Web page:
27 June - 8 July

09 July 2017 | Xufre, Spain
Ted, beautiful day
27 June - 8 July

Plenty has happened, but not everything was worth writing about. Work stuff. How I fixed this and that. Totally uninteresting. Two events worth updating are 4th of July Launch and Lunch at Nito's mother-in-law's dining room.

North Star is in the water. We are awaiting arrival of the new mounting bracket for the life raft, as I broke down and bought a 6-man life raft. Everyone knows that a 4-man life raft won't fit four men, hopefully the 6-man will! The sails are rigged, in process of convincing the engine alternator that it should work, outboard motor has a gummed up carburetor, and wind vane steering system is in process of going together. We should be underway this week for a tour around Ría de Arousa.

Fourth of July came too quickly this year. It also coincided with launching North Star. I had managed to get a set of international signal flags from our friend, Philippe in France. He had washed them and in the process had disconnected them. Dressing ship is normally done on Navy ships for special events and international signal flags are flown from stem to masthead to stern -- but the flags must go together in a proper order. There we were the night before launch with a myriad of things to get done so North Star did not sink when lowered into the water. One of the staff from the boatyard, Carlos, came over to check to make sure we would dress ship for the launch and 4th of July. We found ourselves at 11PM putting the flags together, in order, with no idea how we were going to raise them since the halyards had been removed last summer. And by the way, Carlos said, we hear there will be a party on the pontoon after the launch! I guess I had mentioned to the boatyard owner, Nito, that we would open a bottle of Prosecco in celebration. Of course this was interpreted to mean there would be a party on the pontoon for everyone in the yard since they had never had an American boat in the yard on the 4th of July. And did I mention this to Shan, our detailed planner, oops! I guess I forgot and somehow worked past an awkward moment.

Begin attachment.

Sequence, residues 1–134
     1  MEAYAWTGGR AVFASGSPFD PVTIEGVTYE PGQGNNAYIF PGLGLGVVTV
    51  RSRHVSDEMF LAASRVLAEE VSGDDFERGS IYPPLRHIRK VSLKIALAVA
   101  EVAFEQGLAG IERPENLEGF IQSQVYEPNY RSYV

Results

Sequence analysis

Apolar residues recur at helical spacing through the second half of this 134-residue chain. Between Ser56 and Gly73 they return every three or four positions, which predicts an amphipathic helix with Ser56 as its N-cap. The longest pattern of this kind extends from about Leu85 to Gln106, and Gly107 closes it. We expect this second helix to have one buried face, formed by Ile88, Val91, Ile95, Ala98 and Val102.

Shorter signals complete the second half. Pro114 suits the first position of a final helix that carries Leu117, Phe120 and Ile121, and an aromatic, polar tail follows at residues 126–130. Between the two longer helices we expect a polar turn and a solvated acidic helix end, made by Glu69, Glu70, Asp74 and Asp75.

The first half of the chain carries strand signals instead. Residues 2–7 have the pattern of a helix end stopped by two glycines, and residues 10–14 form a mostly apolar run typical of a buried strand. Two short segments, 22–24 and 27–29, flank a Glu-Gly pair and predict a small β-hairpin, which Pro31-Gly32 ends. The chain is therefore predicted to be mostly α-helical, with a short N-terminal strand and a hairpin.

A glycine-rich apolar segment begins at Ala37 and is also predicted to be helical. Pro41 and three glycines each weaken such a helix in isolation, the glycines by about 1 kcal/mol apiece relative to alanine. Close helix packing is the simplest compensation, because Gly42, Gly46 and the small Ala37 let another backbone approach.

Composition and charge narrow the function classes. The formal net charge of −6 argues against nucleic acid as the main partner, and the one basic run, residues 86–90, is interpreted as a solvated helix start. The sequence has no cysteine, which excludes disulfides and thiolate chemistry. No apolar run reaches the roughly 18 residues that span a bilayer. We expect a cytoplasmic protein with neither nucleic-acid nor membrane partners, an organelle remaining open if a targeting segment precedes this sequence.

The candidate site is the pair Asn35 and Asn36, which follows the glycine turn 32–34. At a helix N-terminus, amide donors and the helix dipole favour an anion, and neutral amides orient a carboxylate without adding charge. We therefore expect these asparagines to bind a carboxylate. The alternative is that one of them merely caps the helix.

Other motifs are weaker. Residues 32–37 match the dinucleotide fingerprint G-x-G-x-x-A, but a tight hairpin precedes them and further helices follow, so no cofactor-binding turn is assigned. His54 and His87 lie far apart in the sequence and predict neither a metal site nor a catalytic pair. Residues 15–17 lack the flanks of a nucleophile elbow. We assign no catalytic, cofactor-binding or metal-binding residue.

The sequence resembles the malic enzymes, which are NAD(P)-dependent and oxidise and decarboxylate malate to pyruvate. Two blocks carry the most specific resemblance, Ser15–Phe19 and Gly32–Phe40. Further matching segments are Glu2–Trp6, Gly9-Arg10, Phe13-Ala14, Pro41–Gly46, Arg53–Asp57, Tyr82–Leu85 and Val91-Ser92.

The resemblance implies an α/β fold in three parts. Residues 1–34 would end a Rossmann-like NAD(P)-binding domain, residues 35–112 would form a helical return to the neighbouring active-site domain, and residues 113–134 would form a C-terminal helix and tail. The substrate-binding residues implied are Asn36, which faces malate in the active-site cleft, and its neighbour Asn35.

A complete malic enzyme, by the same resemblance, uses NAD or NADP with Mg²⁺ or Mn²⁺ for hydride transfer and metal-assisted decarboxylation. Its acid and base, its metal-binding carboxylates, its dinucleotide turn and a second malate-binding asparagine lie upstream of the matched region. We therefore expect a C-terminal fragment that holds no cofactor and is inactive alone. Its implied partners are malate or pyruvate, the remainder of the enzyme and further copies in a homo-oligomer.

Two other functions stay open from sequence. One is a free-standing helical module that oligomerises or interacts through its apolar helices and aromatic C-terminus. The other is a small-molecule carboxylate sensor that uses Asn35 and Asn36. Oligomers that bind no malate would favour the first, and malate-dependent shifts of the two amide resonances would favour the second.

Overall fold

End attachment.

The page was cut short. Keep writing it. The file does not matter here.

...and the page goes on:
So the Fourth came whether we were ready or not. Somehow the dress ship flags were raised and Shan managed to get off to the local super mercado for celebratory Prosecco and cake, still not knowing exactly what was planned. North Star was moved to the launch point, then picked up by this huge 160 ton travelift to be lowered into the water. We still did not have a clue as to this mysterious party. Launch went without a hitch, although right in the middle we had to make room at the pontoon by moving three other boats. So finally, Carlos agreed we would party at 6PM and brought a Stars and Stripes Banner that he had made specially for the Fourth and for us. Meanwhile, Shan kept asking for details which she finally decided to make the details for herself. She sent me out to tell everyone about the party and that it would be a few minutes before yard closing time so all the workers could attend. Everyone did come, so many came that the pontoon started to sink at one end, and a great time was had by all. Bob and Maureen, Irish friends on Modus Vivendi, rafted outboard of North Star had us over later for a wonderful dinner, after which we collapsed.